The violinist in the subway was a social experiment that proved that people often look without actually seeing what is in front of them. The experiment took place for the first time in 2007 and was repeated seven years later. The protagonist? The world famous violinist Joshua Bell. The experiment seems to prove that humans are very good at ignoring beauty.
The Washington Post organized the experiment to answer a simple question: can beauty attract people’s attention if presented at an inopportune time in an everyday context? In other words, can people see beauty in unexpected contexts?
The results of the experiment showed that people look without actually seeing and hear without actually listening. Perhaps we place too much emphasis on appearances, or we are so absorbed in our own thoughts that we cannot see the diamonds that glow between the dead leaves.
“There is beauty in everything, but not everyone sees it.”
Joshua Bell, a virtuoso
Joshua Bell is one of the best violinists in the world. He was born in Indiana in 1967. When he was a very young child, his parents saw him use rubber bands to mimic the noises his mother made when she played the piano. Bell was just four years old. His father bought him a violin and Bell gave his first concert at the age of seven.
Joshua Bell is known for his love of classical music and his commitment to the idea that everyone should have access to it. He is not a traditionalist who believes that this type of music is only enjoyable in certain environments and only for a certain type of audience.
Bell has been to Sesame Street and has helped produce soundtracks for several films. For example, he played the theme song for The Red Violin and had several cameos in the film. So the Washington Post felt that Bell was the right person for their experiment.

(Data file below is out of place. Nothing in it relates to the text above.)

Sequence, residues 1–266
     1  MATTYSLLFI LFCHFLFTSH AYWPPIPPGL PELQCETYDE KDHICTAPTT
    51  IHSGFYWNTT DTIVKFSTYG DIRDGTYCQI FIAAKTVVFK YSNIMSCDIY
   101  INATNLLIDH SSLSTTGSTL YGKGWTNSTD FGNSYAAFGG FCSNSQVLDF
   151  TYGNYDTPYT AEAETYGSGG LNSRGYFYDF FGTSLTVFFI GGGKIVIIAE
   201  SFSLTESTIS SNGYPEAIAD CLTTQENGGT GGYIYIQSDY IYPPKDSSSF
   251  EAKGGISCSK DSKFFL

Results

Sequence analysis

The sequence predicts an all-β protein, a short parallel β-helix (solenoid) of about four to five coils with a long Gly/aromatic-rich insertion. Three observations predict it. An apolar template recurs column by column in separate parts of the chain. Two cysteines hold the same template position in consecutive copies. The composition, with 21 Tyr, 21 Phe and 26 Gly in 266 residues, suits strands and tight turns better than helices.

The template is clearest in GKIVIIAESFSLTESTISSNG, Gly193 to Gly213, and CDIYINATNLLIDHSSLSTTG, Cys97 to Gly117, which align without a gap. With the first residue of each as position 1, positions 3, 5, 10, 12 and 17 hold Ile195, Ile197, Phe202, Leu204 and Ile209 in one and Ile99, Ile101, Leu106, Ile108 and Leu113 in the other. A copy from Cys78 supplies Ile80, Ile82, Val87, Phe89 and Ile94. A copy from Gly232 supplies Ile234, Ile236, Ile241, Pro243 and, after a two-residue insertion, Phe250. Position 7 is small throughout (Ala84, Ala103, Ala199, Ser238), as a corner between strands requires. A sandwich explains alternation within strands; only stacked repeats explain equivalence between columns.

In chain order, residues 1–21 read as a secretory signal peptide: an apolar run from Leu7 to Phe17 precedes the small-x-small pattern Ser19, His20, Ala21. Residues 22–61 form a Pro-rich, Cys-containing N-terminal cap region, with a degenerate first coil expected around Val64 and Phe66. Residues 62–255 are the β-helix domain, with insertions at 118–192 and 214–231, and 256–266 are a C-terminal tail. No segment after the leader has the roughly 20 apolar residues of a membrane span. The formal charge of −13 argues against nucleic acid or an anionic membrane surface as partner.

A violinist on the subway
The experiment involved Joshua Bell playing the violin at rush hour in a busy Washington, DC subway station. Bell chose his Stradivarius violin, an instrument valued at over $3 million.
The developers of the experiment estimated that between 75 and 100 people would stop to listen to Bell. They also hypothesized that the hour he played he would make about $100. Finally, three days before the experiment, Bell played a concert where the bad seats cost about $100.
The experiment was performed on January 12, 2007 at 7:51 a.m. Bell appeared at the subway station in a black long-sleeved shirt, jeans, and a baseball hat. He began to play a piece by Johann Sebastian Bach, followed by Schubert’s Ave Maria. He kept playing, one masterfully interpreted song after another. It became clear pretty quickly that people often look without really seeing and hear without really listening.
The violinist in the subway: we look without seeing and hear without listening
In total, the world-famous violin wonder played for about 47 minutes. During this time 1,097 people passed him. To everyone’s surprise, only six people actually listened. In total, Bell earned $32.17 for its performance. He later said that the most frustrating part of the experiment was when no one clapped at the end of a piece.
Only one of the 1,097 people recognized him. A 30-year-old man listened to him the longest. John David Mortensen, an employee of a government agency, listened to Bell for six minutes. He later said that the only classical music he hears is classical rock, but Bell played so beautifully that he stopped to listen. “I felt very peaceful,” he told reporters.
During the violinist’s experiment in the subway, most commuters were completely indifferent to Bell. They didn’t notice or care that a world famous musician was playing a free concert right in front of them.
It was disturbing to Bell to see so many people ignoring him. So he decided to repeat the experiment at the exact same location seven years later. However, this time there was a lot of attention given to him before the event.
When Bell returned to the subway, hundreds of people gathered to watch. The goal was to connect young people with classical music, so Bell gave a kind of teaching concert. He was upset that so many people were unable to see beauty on the first experiment and wanted to do something to change that.